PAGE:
Another consequence of increased traffic is delays for emergency services, councillors have said.
An August meeting heard that there had been repeated examples of ambulances being delayed.
One paramedic declared the closures “a nightmare”.
Councillors heard in August how one crew was forced to abandon an ambulance and carry equipment into the city centre, whilst another was delayed in helping a child in anaphylactic shock.
In September, a county council officer confirmed to councillors that the ambulance service had raised concerns about congestion linked to the city centre road closures.
The ambulance service did not respond to the Herts Ad’s press enquiry about the closures, but police and the fire service said they had not yet experienced any delays.
Was the public consultation reliable?
An online consultation found just over half of residents supported the closures.
But concerns were raised about the validity of the results in September by IT expert John Singleton, founder of Hertscom.
He said the survey required no proper verification of identity before it was completed.
“You could fill it in and submit it, as far as I could see, as many times as you liked,” he said, concluding that the consultation had been “massively open to fraud”.
Another resident, Jim Golding, raised similar concerns after noticing that whilst roughly 2,500 people had supposedly responded to the consultation, only around 800 had left comments.
The majority of the comments were from people who opposed to or undecided about the closures, putting them at odds with the survey’s overall findings.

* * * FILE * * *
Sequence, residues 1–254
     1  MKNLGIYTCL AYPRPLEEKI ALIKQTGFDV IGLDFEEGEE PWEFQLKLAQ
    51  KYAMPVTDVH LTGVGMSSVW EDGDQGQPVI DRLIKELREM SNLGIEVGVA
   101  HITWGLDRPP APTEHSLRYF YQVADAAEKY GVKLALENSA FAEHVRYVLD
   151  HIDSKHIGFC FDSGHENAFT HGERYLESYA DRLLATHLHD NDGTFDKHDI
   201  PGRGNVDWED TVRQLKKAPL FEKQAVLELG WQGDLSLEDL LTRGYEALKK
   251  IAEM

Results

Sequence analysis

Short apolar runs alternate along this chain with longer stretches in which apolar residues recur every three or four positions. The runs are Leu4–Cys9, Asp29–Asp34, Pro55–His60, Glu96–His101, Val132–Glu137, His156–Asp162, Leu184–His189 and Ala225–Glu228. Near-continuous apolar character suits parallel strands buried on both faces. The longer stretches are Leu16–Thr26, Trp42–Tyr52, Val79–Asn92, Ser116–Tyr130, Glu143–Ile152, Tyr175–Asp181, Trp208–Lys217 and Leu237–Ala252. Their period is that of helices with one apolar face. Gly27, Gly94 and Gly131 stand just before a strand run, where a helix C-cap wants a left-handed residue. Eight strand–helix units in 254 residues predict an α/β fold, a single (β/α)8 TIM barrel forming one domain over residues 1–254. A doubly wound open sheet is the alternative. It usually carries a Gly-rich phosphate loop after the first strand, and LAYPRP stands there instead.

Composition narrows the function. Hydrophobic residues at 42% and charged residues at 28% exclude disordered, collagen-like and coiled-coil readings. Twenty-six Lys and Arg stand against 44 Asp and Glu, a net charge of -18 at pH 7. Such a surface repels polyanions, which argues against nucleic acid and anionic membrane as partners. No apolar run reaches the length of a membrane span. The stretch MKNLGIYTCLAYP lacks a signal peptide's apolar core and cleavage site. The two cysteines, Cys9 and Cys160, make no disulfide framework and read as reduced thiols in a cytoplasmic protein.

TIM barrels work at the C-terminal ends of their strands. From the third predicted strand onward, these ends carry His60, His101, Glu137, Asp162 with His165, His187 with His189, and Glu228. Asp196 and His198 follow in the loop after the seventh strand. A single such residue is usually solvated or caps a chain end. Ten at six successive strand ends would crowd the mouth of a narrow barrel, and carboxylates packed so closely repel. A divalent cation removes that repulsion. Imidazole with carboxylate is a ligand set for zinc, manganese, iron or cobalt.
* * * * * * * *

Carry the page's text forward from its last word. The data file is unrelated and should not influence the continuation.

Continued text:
“This could be an indicator of people voting more than once,” he said.
County Hall did not answer concerns about the online survey but said it was “engaging with the community to gauge how much support there is” for the closures.
Do businesses support the closures?
Businesses say there was never a formal consultation by either St Albans Council or County Hall with traders in the affected streets.
The Business Improvement District (BID) has told councillors that it surveyed businesses and found most supported continuing closures.
But the Herts Ad has heard from businesses who claim their trade is being badly affected.
Masters in Light closed in August, specifically blaming the closures for a 25 per cent drop in sales.
Mike Skinner, who had run the business for 15 years, said they had blocked deliveries and customers.
“I have spoken to other small independents who have congratulated me on 'escaping', and who have much the same problems,” he said.
"It's a great shame that we have councils who basically are not willing to listen to those who have tried to keep the High Street going by serving the local community as a small independent.”
This month, Deryane Tadd, who runs The Dressing Room in High Street, raised similar concerns, saying the closures were hampering her substantial online business by blocking couriers’ access.
“Herts County Council are putting obstacles in our way for us to be able to run our businesses effectively, all for some hare-brained scheme of closing this road - and all with no consultation,” she said.
When is the decision being made?
The St Albans District Council Public Realm Committee will discuss the proposal on Wednesday night.
The meeting will be held in the council chamber, St Peter’s Street, at 7pm, and can be viewed by attending in person or watching online.
The committee must agree a position on the closures and then refer it to the county council’s project board.
The project board will only consider keeping the roads closed if St Albans District Council has asked it to.
The project board is made up of several St Albans Lib Dem councillors, County Hall’s Tory roads chairman Phil Bibby, a representative of the St Albans BID, and civil servants from the county council.
Unless they unanimously agree on a closure scheme, the roads will be reopened, Cllr Bibby told the Herts Ad.